Saint Albans Messenger; September 21, 2016
Public vote down the road for selectboard
By TOM BENTON Messenger Staff Writer
SWANTON — The Swanton Wind Project’s Public Service Board application was on the table, literally, at Tuesday night’s town selectboard meeting. It was the elephant in the room.
The project’s opponents dominated the public seating, eagerly awaiting an indication of what steps the selectboard might take toward blocking the project. But that conversation took place only in private, for legal reasons, during an executive session at the end of the night.
Selectboard Chair Joel Clark told those in attendance the selectboard had only recently received the thick application, and had not had time to digest its contents yet.
The selectboard will vote in public on any decided course of action, Clark said.
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Selectboard Chair Joel Clark and Vice Chair L. John Lavoie confer, with the Swanton Wind Project’s Public Service Board application on the table.
TOM BENTON, St. Albans Messenger
When it came time for public comment, Clark warned that he would not allow the night to become a two-hour “public forum” regarding industrial wind. But he did encourage representatives from each viewpoint to speak, succinctly, before the meeting progressed.
Travis Belisle, the developer behind the Swanton Wind Project, sat between his lawyer Leslie Cadwell, who filed the application on his behalf, and Martha Staskus, the Vice President of Vermont Environmental Research Associates (VERA). He had nothing to say beyond thanks, to the selectboard, for their consideration.
Christine Lang, one of the project’s opponents, urged the selectboard to look into “intervenorship,” the town’s ability to “have a say at the table” of the Public Service Board in regard to the project. Republican Representative Marianna Gamache elaborated that the rights of intervenorship are only available if the selectboard makes their intentions clear at the beginning of the Public Service Board’s hearing process, which will commence after the board reviews the project’s application.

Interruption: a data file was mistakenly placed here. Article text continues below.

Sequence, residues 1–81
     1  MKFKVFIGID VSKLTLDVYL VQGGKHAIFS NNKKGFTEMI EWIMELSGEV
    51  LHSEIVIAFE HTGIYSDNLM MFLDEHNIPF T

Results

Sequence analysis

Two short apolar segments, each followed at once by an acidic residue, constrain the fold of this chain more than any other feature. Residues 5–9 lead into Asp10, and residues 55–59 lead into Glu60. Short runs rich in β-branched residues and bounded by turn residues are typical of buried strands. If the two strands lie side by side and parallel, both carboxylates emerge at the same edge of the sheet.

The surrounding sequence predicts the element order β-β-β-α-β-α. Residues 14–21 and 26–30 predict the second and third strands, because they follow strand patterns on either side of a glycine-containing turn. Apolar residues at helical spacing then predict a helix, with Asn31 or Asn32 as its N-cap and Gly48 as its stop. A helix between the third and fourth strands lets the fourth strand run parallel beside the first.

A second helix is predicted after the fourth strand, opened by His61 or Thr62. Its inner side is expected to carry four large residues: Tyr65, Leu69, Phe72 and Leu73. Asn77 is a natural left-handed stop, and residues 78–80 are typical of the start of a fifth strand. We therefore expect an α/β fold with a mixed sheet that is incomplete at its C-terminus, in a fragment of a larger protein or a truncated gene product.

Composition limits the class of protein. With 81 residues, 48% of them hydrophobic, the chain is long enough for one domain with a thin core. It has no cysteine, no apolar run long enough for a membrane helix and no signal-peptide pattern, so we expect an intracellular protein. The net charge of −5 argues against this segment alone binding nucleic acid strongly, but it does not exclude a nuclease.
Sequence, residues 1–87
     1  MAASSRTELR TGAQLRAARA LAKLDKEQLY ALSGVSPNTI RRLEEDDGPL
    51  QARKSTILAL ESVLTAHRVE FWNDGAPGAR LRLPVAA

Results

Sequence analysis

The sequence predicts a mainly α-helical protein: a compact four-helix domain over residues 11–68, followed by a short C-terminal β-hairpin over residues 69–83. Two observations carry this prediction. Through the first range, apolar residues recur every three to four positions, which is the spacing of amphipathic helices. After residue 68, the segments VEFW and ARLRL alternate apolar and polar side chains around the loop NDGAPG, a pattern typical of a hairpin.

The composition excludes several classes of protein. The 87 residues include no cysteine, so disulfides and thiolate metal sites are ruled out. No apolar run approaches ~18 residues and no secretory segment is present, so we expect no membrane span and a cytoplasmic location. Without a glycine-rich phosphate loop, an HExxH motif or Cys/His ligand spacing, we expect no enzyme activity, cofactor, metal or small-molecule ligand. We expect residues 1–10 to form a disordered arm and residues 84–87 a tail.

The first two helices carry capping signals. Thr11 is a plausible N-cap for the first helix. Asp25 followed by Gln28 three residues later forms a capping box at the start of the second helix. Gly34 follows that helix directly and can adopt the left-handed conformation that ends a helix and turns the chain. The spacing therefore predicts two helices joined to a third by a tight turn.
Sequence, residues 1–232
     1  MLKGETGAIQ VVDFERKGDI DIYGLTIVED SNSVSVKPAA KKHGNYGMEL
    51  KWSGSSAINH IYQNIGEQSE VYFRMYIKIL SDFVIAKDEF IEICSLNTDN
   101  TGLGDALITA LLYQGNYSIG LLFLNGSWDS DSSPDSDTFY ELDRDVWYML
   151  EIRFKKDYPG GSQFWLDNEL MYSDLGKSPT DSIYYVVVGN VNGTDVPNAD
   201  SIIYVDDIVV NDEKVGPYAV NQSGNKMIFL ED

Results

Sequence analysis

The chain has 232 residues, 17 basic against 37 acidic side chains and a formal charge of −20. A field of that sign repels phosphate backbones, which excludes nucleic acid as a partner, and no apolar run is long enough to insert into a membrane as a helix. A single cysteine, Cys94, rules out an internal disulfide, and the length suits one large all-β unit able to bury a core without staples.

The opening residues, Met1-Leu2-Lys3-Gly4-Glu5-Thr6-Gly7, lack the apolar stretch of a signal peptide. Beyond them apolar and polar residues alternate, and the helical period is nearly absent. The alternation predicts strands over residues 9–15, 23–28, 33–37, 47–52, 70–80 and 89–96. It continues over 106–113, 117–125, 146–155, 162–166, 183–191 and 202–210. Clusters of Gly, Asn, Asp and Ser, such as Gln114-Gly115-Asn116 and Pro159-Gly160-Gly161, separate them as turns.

“I hope you’ll make a decision sooner, rather than later,” Lang said.
With the project’s opponents before them and discussion of the application looming ahead on the agenda, Clark tried to plow through the rest of the evening’s topics without giving any the short shift.
The selectboard discussed the Swanton economic development coordinator’s job description. The position is becoming a reality after almost a year’s discussion, and despite a rejected grant application that would have ensured a full-time position. The selectboard has allotted $31,000 toward the position, making it part-time. At their last meeting, board members voted 3-2 in favor of moving forward with the position despite the lack of funding.
Hank and Molly Lambert suggested the selectboard consider hiring a consultant, contracting out the position rather than hiring a person. Selectboard members have expressed concern that a $31,000 position will not attract the best candidates for the job, but the Lamberts proposed that that amount of money might seem significant to a small consulting firm.
The board was impressed, and promised to take the idea into consideration.
“Just for the record, we’re not seeking that [contract],” Hank said. “We are contractors, but it’s just an idea.”
Discussion regarding a proposed LED announcement sign that would stand on the village green was less hopeful.
“This is a sticky wicket,” Clark said. The Agency of Transportation has informed him that a municipality cannot have a sign that changes messages, for fear that it will distract drivers — despite the fact, as Clark noted, there seems to be just such a sign being placed in Highgate.
Clark said he did not see the sign happening unless a higher-ranking member of the Agency of Transportation speaks up, squashing “a lot of good intent.” The sign has been enthusiastically discussed at various public meetings since June.
Gamache said she would be happy to make a call regarding the sign on the town’s behalf.
Other business included an announcement that the town has made a rocky transition to new official email accounts for its three boards, with Town Administrator David Jescavage predicting the “bugs” would be worked out soon, and a decision to discontinue a 205-foot section of Babbie Boulevard and reclassify it as a trail.
Jescavage also alerted the selectboard to the Agency of Transportation’s new Transportation Alternatives Program, a grant that could pay up to $300,000 toward bike lanes. Jescavage said the grant could be used to put bike lanes on Maquam Shore Road, regarding the lack of which he has received frequent complaints.
Jescavage warned that the grant funding was severely limited, and the application process therefore highly competitive.
“It’s not going to get better if we don’t try,” Clark said. “That’s gaining.”
The Swanton Wind Project is expected to be discussed again at tonight’s planning commission meeting, held in the town offices at 7 p.m